Friday, October 06, 2006

The Games Politicians Play

I make my living off the evening news
Just give me something-something I can use
People love it when you lose,
They love dirty laundry
(Don Henley – Dirty Laundry)

I don’t watch sports unless one of my kids is playing. But I do watch politics, partially for the same reason that some folks are sports spectators. But if that were the only reason I watched politics, I would probably not care enough to pay much attention. Unlike a sports event that will have little real impact on my life, politics can impact my life and the lives of many people for years to come. It’s more than just a game, so I watch it.

I have been approached several times about running for office, but I don’t do it. Just because I watch and analyze something does not mean I would be good at or would enjoy actually doing that thing. As much as people hate the idea, it requires resources (volunteers + money) to get your message out to the voters. Since most candidates don’t have enough cash to self finance, they have to be confident enough in themselves and in their message to be willing to ask people to give them money (and/or time) for their campaign.

I do not begrudge the fact that those that are willing to do the hard work of fundraising are the ones whose names end up on the ballot, much the way that most sports fans don’t have a problem with the athletes playing while they pay to watch them.

Being an interested spectator, I watch the current circus going on in Washington, D.C. as the fallout from the Foley scandal with a kind of morbid curiosity. I really can’t blame the MSM for eating this up. They are what they are. They love dirty laundry, as noted in Henley’s lyrics. The rest of the world cannot comprehend how the balance of power in the world’s only superpower could teeter on such mundanities as who sent what dirty instant message to whom at what time. But that is precisely what Speaker of the House Dennis Hastert (R-IL) is in hot water over.

Mr. Hastert stands accused of knowing that Foley was a predator of minor male pages, but did nothing to stop it. In another political climate, this brouhaha would cause a minor tempest. It probably would not even be investigated by the ethics committee. But this is not another political climate. It is just a few weeks prior to midterm elections where the determination of who gets to set the nation’s political agenda for the next two years could easily go to either party, depending on the outcomes of a very few congressional races.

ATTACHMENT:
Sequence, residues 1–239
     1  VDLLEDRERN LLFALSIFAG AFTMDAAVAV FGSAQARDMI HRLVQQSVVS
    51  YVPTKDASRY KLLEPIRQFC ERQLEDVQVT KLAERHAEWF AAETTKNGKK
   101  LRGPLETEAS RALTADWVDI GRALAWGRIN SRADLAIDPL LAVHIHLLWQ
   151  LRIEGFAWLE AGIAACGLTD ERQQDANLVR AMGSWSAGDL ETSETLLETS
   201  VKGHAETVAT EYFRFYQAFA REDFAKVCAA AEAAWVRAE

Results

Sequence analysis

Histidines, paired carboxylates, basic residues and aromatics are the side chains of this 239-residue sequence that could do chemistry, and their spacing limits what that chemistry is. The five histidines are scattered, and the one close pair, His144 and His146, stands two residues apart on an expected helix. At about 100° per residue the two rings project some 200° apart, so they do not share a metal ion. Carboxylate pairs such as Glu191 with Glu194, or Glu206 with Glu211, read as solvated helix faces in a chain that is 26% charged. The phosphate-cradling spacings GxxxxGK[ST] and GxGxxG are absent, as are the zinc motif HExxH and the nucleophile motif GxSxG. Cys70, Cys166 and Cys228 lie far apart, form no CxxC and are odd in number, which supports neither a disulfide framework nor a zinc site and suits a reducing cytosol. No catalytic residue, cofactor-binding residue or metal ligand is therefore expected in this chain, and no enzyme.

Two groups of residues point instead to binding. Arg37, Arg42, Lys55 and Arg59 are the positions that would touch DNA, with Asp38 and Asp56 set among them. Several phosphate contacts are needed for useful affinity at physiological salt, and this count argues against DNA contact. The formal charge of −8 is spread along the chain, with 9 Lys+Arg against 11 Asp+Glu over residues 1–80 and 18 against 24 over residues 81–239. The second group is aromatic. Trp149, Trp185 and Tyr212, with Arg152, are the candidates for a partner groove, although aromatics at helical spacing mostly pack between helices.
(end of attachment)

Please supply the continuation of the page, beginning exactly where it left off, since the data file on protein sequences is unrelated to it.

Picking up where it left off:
Although Hastert’s wound appears minor, enough blood is flowing for the Pelosi-led Democratic sharks to strike repeatedly in hopes of tearing the gash wide enough to make the injury worse. Hiding behind faux concern for minor House pages and hoping that Hastert’s problem will rub off on his party in general, they seek to keep this story alive and on fire long enough to further demoralize already glum GOP voters and to shift enough independents their way to gain victory next month.

But if that’s all there was to it, we’d already be seeing the issue die down, since the facts in the case bear no resemblance to the resultant furor. People would quickly discern that it was a purely political ploy, and Democrats would have to drop it or risk backlash. But Mr. Hastert is being (quietly by some and more enthusiastically by others) thrown to the sharks by members of his own party.

Let’s face it; Mr. Hastert’s tenure has produced little to enthuse Republicans and much to chagrin them (see my post on the 109th Congress). Hastert rose to power after Newt Gringrich went down in flames after trying to take down Bill Clinton over Clinton’s sex scandal, much as the angry Left would love to take down President Bush over—well, just about anything. Conservative Congressman Bob Livingston then was set to jump into the speakership when his own sex scandal became news. The low-key, but somewhat conservative and certifiably monogamous Hastert became the unlikely person to fill the role.

Since that time, Hastert has repeatedly been unable to get the GOP to unite behind some of the president’s and the GOP’s most important pieces of legislation. Under his watch, non-war-related domestic spending has risen dramatically, and wasteful earmarking has gone through the roof. The Abramoff scandal took place on his watch. Hastert’s leadership has frequently been seen as ineffective, while underlings have appeared to be running the show behind the scenes.

In short, some of Hastert’s GOP colleagues (as well as some conservative pundits) sense an opportunity to be rid of Hastert as speaker. So they are either refusing to come to his aid, or are willingly pushing him toward the sharks under the guise of appearing to do the right thing. Since all of his colleagues in the House (except those retiring) have to stand for election in a few weeks, some are simply trying to keep clear of the situation in hopes of remaining unsullied by it.

Republicans that want to throw Hastert to the sharks had better think deeply about what they really want, because they may get their wish. They are playing a dangerous political game, but the outcome of their actions may be far more than what they are bargaining for. Former Secretary of State James Baker said (here), “If they throw Denny Hastert off the sled to slow down the wolves, it won't be long before you'll be crying, 'Hey, you've got to throw somebody else over because they knew about it too. '” (I know that adding Baker’s quote results in a mixing of metaphors, but I’m no English major). I’m not defending Hastert. I’m simply making political observations.

It’s a race to November 7, and a lot can happen between now and then. But if the GOP loses control of one or both chambers of Congress, it will be because they have worked to earn that outcome.

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